How We Tested
We held three different rounds of test sessions. In the sessions, each individual user evaluated the user interfaces we were testing in random order. During the first round of testing, we tested the usability of search forms. Each session started with a training task, through which our testers demonstrated the task that the user would repeat throughout the test session, using a form that was well known to all the users: Google™ search. Then, the user used other search forms to perform this task: locate the search box, then search for eye. The task ended when the user clicked the submit button.
Patterns in the Test Results
Even though some unanticipated results came to our attention during the tests, strong patterns emerged in the test results. These patterns arose from the way users’ different levels of expertise affect the way they look at forms. While rookies repeatedly scanned the form—both up and down and left to right, the pro users looked directly at what they knew were the tools they needed to complete their task.
Gaze plots showed the very different behaviors of rookies and pros when using search forms, as follows:
- As shown in Figure 1, the rookie user looked at the input field, then the submit button, then the label; then looked again at the input field, the submit button, and the label. Looping repeatedly through this pattern, even when typing the search string, she continued to look at all the form elements to assure herself she was doing the right thing.
- The pro user’s first fixation was directly on the input field. She didn’t look at anything else until she’d typed the text string and was ready to submit the search. Then, a long saccade moved the user’s focus to the submit button—which the user had perceived peripherally, but never looked at before—and, typically, pro users activated the submit button using the Enter key. In one case, we had the longest saccade ever recorded in our tests: nearly 600 pixels wide!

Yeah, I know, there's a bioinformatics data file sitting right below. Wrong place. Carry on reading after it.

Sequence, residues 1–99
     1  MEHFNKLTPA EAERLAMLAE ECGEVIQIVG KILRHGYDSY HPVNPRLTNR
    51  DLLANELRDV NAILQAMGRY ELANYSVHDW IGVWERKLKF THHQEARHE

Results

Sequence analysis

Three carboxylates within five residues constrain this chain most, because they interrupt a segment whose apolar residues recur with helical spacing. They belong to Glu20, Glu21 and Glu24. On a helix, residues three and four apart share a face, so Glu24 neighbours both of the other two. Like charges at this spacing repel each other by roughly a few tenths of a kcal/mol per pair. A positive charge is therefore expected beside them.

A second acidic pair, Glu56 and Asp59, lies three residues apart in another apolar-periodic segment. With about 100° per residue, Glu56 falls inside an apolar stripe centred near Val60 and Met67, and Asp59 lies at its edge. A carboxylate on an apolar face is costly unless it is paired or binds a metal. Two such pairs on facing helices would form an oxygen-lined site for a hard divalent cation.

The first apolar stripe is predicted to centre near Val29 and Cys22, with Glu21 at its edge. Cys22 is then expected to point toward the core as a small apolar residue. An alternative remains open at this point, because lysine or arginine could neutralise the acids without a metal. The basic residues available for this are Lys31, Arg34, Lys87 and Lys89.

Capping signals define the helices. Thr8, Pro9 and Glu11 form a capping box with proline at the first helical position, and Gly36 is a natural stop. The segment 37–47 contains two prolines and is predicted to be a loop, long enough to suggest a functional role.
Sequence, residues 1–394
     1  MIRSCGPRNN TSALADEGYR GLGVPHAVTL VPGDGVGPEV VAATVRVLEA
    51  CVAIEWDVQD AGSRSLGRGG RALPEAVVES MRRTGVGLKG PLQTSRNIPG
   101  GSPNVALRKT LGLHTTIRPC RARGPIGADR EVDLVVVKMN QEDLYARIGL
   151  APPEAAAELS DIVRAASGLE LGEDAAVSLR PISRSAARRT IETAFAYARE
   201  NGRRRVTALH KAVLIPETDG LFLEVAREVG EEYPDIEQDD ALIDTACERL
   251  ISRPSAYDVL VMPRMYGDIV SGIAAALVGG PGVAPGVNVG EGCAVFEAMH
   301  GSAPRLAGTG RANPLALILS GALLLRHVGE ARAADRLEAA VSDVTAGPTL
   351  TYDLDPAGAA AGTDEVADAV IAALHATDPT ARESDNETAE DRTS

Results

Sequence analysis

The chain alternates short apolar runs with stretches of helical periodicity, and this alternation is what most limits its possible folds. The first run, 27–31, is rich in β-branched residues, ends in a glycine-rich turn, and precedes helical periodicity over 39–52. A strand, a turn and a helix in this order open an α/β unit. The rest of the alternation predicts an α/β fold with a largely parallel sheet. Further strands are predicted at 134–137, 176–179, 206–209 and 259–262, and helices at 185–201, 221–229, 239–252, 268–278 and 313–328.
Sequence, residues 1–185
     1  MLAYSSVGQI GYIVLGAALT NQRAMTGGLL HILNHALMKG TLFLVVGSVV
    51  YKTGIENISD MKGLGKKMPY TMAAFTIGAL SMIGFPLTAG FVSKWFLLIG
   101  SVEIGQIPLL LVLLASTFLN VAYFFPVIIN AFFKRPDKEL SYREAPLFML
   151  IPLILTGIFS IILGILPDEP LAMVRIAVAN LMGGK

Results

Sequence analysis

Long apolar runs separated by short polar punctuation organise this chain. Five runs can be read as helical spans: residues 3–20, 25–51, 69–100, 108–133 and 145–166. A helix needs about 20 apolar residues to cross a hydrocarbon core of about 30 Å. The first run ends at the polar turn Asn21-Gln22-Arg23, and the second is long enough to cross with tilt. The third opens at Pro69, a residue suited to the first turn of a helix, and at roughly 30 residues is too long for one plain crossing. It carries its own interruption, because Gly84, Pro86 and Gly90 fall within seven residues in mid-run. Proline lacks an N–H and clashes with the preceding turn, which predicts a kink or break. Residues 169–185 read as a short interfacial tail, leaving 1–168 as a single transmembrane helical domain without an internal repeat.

Rookies needed reassurance that their actions were correct, so while typing search strings, they continually checked whether the input field they were using was actually the search field. Though we first noticed this pattern while analyzing the use of search forms, we found that this pattern was also characteristic of novice users’ behavior during more complex tasks.
Practical advice to UX designers—Clearly label input fields. Doing so won’t bother pro users, but is a great help to your novice users.
Testing Search Forms
We began our tests by observing and analyzing users’ behavior when using search on these popular sites:
As I mentioned previously, we used Google during our training tests. This training test ensured that users could complete the subsequent tasks without any hesitation because of confusion about the task itself. During this very first test, the pattern I described previously first arose, highlighting the way rookie users interact with search: continually jumping from the input field to the submit button, as many as three times. There really are no intermediate users of Google, but the behavior of all pro users was characteristic of the way they’d interact with a well-known form. They just took one look to acquire the visual target—the search input field—typed the search string, then pressed Enter to submit the search—almost without looking at the submit button.